Unreserved is the radio space for Indigenous community, culture, and conversation. Host Rosanna Deerchild takes you straight into Indigenous Canada, from Halifax to Haida Gwaii, from Shamattawa to Ottawa, introducing listeners to the storytellers, culture makers and community shakers from across the country.
How two-spirit people are 'coming in' to their communities
The term "two-spirit" has only been around for about 30 years, but it's an identity with ancient roots. This week on Unreserved, meet Indigenous people who are walking the two-spirit path with pride and reclaiming their place in cultural and community circles.
Anishinaabe elder Myra Laramee was gifted the words "two-spirit" in a dream in 1990. She took these words to an annual gathering of Indigenous LGBTQ people, who adopted the term.
Alex Wilson is from the Opaskwayak Cree Nation and is a professor in the college of education at the University of Saskatchewan. She has devoted her career to understanding two-spirit identity, how it's rooted in the land and how "coming in" (as opposed to coming out) is a uniquely Indigenous experience.
Chantal Fiola and Nicki Ferland are a two-spirit Métis couple living in Winnipeg. They tell the story of their traditional Midewiwin wedding ceremony.
Joshua Whitehead's debut novel Jonny Appleseed won Canada Reads 2021. The two-spirit/Indigiqueer writer from Peguis First Nation is representing two-spirit characters in his writing as real, honest and whole. In doing so, he's paving the way for the next generation of two-spirit people to accept — and love — who they are.
Honouring Stó:lō storyteller and matriarch Lee Maracle
Lee Maracle wasn't cut from a timid, quiet cloth. With every book the Stó:lō writer published, she set out to rip out the seams of the Canadian literary world and thread new paths for other Indigenous writers.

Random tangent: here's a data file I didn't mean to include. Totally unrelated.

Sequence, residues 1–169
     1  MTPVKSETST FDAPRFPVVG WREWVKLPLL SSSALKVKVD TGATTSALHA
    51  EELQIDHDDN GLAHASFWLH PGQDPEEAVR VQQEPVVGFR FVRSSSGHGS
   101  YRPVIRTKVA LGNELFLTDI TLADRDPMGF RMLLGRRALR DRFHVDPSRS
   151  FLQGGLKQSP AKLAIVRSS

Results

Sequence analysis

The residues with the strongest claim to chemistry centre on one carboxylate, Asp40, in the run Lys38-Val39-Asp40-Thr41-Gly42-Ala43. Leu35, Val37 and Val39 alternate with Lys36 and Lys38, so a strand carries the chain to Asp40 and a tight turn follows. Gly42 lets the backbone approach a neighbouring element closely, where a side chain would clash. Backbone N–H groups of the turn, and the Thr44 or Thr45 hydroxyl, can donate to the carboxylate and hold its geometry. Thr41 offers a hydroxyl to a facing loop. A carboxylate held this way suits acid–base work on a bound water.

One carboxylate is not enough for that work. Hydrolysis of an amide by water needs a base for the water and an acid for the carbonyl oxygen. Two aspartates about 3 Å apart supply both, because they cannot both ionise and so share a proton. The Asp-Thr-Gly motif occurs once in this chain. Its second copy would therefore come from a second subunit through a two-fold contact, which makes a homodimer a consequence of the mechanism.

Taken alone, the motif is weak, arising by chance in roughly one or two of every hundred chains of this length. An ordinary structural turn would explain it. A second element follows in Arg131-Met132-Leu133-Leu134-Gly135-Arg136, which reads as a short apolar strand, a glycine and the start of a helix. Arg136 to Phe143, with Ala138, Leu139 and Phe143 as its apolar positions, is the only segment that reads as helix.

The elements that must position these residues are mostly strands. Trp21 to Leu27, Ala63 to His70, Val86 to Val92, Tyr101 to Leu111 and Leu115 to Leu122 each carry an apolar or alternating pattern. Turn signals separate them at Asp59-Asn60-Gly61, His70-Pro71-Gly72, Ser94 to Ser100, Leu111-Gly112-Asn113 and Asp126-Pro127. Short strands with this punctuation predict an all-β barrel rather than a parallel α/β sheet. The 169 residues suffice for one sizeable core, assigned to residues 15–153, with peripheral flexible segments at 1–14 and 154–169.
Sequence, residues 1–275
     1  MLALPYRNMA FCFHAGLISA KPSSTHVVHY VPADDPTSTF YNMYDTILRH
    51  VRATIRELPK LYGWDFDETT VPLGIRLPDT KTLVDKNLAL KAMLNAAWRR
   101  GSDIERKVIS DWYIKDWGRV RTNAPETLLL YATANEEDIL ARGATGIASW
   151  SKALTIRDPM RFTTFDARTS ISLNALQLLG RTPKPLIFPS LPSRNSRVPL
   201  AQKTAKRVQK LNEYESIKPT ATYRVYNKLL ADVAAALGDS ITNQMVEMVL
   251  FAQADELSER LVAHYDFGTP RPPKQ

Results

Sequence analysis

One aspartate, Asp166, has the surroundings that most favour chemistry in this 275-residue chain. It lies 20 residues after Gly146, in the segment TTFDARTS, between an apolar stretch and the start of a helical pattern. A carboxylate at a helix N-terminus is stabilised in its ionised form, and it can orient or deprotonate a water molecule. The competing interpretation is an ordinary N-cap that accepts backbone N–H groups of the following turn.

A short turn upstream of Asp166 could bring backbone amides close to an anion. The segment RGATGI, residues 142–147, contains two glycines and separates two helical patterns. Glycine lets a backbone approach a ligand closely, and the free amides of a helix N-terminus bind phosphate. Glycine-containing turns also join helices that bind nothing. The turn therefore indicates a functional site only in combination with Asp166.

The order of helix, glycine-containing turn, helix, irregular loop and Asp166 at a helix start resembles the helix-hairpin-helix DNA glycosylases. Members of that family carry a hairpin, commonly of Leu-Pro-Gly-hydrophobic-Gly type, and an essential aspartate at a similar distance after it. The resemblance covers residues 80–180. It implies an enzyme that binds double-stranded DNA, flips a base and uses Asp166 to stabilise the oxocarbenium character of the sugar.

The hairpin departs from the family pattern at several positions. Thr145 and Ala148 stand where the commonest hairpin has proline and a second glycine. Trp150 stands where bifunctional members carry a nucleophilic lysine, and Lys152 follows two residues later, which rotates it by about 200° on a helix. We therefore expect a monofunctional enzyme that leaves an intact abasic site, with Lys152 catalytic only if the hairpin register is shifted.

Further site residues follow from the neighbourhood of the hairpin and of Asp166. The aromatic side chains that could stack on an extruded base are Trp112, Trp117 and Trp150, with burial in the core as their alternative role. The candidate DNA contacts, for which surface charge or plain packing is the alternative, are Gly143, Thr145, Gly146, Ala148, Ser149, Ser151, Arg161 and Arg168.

Lee Maracle passed away on Nov. 11 at the age of 71.
This week on Unreserved, we honour the story quilt that Lee Maracle made with an extended conversation (parts never aired before) between Lee and Unreserved host Rosanna Deerchild from 2018 and stories from Indigenous writers who were inspired by the incomparable woman. You'll hear from Métis matriarch Maria Campbell, Métis poet Gregory Scofield, Cree author Tracey Lindberg, and Anishinaabe novelist Waubgeshig Rice.
Reclaiming culture through crafts
Indigenous people who relearn traditional crafts, like beadwork or making mitts and moccasins, are sewing pieces of their culture back together, one stitch, one bead and one quill at a time.
After facing a devastating family loss, Alley Yapput moved to Thunder Bay to be closer to his mom, Madeline . But this Ojibway/Cree Two-Spirit artisan found his newly retired mom wasn’t doing much with her time. So he picked up his needles and beads and ‘passed up’ the traditional craft of beadwork and moccasin making, creating a stronger bond in the process.
Mi’kmaq have been making quill art for generations. This intricate and painstaking process involves softening, dying and weaving porcupine quills onto birchbark. Cheryl Simon and Kay Sark are artists from Epekwitk, also known as Prince Edward Island. Not only has this traditional artform helped them find their way to culture, they also share their knowledge on a podcast. CBC producer Isabelle Gallant shares their story in her documentary "Meet the Quill Sisters".
Master storyteller Tomson Highway celebrates his parents' ‘beautiful love’ in Permanent Astonishment
Host Rosanna Deerchild speaks with Tomson Highway, a world-renowned Cree playwright, novelist, and concert pianist, about his new memoir Permanent Astonishment, which just won the 2021 Hilary Weston Writers’ Trust Prize for Nonfiction worth $60,000.
Inuit bring unified voice to COP26 from the frontlines of climate change
These Inuit leaders from across Inuit Nunangat bring different experiences of language, geography and time spent on the ice, but they're coming together with one particular shared understanding — the disproportionate effect of climate change on their communities.
Indigenous thinkers reinvigorate STEM with traditional knowledge
Indigenous knowledge is more than beads, drums and sweetgrass — it's also science, technology, engineering and math (STEM). You'll hear from Anishinaabe landscape architect, David Thomas; Wolastoqey language app-developer Diego Bear and Wolastoqey Elder Imelda Mary Perley who narrated all the words and phrases on the app; and Bryan Bellefeuille, an Ojibwe educator who teaches Indigenous math.